This week marks the tenth anniversary of the Xbox 360, Microsoft’s second system in the gaming industry. Say what you will about the Xbox 360 with its flaws like the infamous Red Ring of Death. I went through two systems. The Xbox 360 was a powerhouse for the last generation of gaming, and if it wasn’t for that system things like a friends list for online play and achievements wouldn’t be here today.
To mark the wonderful system called the Xbox 360, I decided to make my own list of my most favorite Xbox 360 games of all time. One of them is even on my short list of my favorite games of all time. There is one thing to keep in mind; some of the games are multiplatform, they left such an impact that if I remember them, I remember playing them on the Xbox 360. Like in every list, there is no order for which these are ranked. They can change depending on what I’m feeling on a particular day.
Except Alan Wake. Alan Wake will always be my number one spot for the best game for the Xbox 360, and one of my most favorite games of all time. Set in a town similar to the cult TV series Twin Peaks, you play as horror writer Alan Wake. While the story remains the same, wife gets captured; you find wife, the atmosphere of this game oozes and never lets up. Except for Telltale Games’ episodic, once a month storytelling, this is the only game that I know of that successfully makes you feel as if you are watching a TV series created by Stephen King in one go. Even to this day, defeating bad guys with the light mechanic is still unique and hasn’t been replicated. Right now Remedy Games, the developer behind games like Alan Wake and Max Payne, are making Quantum Break. If I had a Xbox One, you can be sure that I would be all hyped for Quantum Break.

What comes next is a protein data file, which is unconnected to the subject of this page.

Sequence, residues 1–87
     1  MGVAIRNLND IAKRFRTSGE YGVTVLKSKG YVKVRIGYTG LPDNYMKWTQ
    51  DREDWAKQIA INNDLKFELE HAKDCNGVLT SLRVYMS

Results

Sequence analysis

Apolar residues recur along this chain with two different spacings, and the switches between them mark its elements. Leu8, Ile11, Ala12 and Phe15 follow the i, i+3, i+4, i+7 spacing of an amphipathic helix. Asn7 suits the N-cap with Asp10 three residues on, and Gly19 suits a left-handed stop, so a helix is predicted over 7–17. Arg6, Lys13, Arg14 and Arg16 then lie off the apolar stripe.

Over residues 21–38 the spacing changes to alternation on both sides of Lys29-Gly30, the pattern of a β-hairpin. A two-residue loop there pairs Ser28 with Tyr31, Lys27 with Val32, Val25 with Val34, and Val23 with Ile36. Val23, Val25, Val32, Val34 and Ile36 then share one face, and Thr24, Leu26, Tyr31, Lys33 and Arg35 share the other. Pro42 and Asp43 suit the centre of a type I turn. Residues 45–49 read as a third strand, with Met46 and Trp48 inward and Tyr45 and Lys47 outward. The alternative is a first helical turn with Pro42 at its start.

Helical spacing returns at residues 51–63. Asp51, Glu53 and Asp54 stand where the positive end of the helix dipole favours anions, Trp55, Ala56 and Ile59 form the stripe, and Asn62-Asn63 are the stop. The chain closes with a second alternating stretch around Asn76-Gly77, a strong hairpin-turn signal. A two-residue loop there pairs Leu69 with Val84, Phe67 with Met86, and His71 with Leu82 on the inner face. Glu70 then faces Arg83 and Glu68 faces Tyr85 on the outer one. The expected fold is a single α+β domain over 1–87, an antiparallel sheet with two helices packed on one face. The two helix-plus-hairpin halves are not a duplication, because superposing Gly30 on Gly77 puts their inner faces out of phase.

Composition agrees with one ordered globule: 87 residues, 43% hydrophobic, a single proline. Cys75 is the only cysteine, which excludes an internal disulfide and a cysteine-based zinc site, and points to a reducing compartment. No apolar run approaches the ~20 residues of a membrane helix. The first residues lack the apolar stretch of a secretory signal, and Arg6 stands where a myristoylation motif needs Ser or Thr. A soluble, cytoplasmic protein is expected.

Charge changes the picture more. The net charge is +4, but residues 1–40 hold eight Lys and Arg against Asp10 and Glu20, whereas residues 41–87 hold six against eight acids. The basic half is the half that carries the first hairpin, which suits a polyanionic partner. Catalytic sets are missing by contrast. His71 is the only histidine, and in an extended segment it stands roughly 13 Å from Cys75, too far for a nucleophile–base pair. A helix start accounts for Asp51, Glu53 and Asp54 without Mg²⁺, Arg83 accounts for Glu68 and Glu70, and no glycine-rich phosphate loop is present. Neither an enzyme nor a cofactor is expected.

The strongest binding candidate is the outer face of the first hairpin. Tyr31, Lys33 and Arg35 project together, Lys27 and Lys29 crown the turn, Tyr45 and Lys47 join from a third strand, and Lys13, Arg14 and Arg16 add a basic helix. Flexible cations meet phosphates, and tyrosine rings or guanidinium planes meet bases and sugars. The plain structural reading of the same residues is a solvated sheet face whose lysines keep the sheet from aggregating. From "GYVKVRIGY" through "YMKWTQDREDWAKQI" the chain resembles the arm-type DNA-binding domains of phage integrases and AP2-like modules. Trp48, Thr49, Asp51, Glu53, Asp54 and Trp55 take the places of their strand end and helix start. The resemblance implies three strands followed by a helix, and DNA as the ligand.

While I have played a few games on the original Xbox, I never went online with it, and thus missed out on Halo 2 multiplayer. While I did get to play Halo 2 on the original Xbox, Halo 3 was the first online multiplayer game I actually enjoyed. It’s an amazing First Person Shooter with a wide foray of game modes that kept me coming back for more. I spent hours playing the superb single player and even more on the multiplayer. While I was never the best player on the match, it didn’t stop me from having a ton of fun. Halo 3 and Halo Reach are two of the three games I played a ton of multiplayer matches in. The third game is….
This is the game that started the multiyear juggernaut that is the Modern Call of Duty, and with good reason. The year this game came out, it was pretty much all I was playing. The multiplayer progression system, the intense action of the single player. There wasn’t a day that went by when I didn’t boot this game up at least once. I loved this game so much that I even managed to beat the game on Veteran Difficulty with the Mile High Club achievement. Except for the last mission of Modern Warfare 3, no other Call of Duty game after Modern Warfare has managed to surpass it. While this franchise started the annoying annualization of games, I still consider Call of Duty 4: Modern Warfare a classic.